Bone Microstructure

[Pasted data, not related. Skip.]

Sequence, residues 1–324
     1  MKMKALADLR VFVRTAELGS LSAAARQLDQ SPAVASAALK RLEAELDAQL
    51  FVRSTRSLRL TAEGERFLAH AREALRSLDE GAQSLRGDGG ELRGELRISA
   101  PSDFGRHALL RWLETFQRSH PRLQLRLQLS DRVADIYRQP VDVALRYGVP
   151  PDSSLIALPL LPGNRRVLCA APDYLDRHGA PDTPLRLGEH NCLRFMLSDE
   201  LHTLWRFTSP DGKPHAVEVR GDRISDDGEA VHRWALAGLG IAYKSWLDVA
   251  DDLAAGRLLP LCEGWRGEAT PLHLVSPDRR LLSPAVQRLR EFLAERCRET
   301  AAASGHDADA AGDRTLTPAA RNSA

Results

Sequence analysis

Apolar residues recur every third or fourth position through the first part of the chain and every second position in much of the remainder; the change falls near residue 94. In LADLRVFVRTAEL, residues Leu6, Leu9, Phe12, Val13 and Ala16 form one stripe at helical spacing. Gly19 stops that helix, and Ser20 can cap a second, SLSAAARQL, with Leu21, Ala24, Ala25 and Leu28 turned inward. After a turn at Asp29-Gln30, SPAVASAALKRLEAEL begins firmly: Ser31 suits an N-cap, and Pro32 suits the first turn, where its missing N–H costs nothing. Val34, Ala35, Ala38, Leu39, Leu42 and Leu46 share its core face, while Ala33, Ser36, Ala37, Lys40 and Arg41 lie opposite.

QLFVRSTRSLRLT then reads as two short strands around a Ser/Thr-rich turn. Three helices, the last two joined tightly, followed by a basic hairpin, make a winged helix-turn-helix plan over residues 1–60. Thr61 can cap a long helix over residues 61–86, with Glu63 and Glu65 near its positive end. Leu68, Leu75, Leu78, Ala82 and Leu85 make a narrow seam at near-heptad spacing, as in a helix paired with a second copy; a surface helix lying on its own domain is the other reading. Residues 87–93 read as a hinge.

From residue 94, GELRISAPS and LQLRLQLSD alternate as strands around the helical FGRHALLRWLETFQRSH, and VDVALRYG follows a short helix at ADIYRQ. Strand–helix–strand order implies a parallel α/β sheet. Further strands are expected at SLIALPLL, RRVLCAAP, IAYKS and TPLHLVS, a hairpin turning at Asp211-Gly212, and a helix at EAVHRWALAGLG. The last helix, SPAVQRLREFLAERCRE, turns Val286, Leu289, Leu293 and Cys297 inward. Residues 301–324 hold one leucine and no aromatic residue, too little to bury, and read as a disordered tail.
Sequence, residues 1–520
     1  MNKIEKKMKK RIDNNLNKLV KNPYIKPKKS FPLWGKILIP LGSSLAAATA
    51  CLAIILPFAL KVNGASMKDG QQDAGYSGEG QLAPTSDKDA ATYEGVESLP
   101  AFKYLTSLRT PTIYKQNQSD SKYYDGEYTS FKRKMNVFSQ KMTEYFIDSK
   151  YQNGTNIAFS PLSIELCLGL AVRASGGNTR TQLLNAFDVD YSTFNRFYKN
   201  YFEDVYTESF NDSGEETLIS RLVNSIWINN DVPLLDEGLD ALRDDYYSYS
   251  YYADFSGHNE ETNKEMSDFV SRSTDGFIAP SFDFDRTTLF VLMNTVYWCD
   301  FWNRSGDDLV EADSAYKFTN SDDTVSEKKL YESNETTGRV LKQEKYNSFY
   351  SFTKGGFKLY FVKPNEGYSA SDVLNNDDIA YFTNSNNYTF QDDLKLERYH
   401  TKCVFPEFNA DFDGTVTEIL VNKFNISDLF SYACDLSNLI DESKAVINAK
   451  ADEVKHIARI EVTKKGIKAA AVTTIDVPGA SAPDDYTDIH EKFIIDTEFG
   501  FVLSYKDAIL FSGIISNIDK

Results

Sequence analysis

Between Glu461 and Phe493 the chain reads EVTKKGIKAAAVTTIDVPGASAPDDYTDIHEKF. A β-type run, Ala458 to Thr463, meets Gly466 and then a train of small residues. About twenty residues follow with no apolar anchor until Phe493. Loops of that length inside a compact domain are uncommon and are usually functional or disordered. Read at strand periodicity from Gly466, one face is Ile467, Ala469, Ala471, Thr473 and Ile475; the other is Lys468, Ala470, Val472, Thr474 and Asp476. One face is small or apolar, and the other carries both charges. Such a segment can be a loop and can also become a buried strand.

Avian cortical bone is composed of predominantly primary osteons formed around primary vascular canals [28], [29]. These vascular canals can be classified into four categories based on their orientation relative to the external surface of the bone section: circular (parallel to external surface), radial (orthogonal to external surface), longitudinal (parallel to long axis of bone), and oblique (all others) [28], [30], [31]. De Margerie [31] developed a method to quantify the proportion of circular canals (Laminarity Index = # circular canals/# total canals), and found that in at least one species, the mallard, bones that are expected to experience high torsional loads, such as the humerus, ulna, and femur, exhibited a high Laminarity Index (LI). Therefore, de Margerie proposed that a bone with microstructure consisting of a large proportion of circular canals (forming laminar bone) is better at resisting the shear stresses that occur at the bone tissue level in response to torsional loading [31].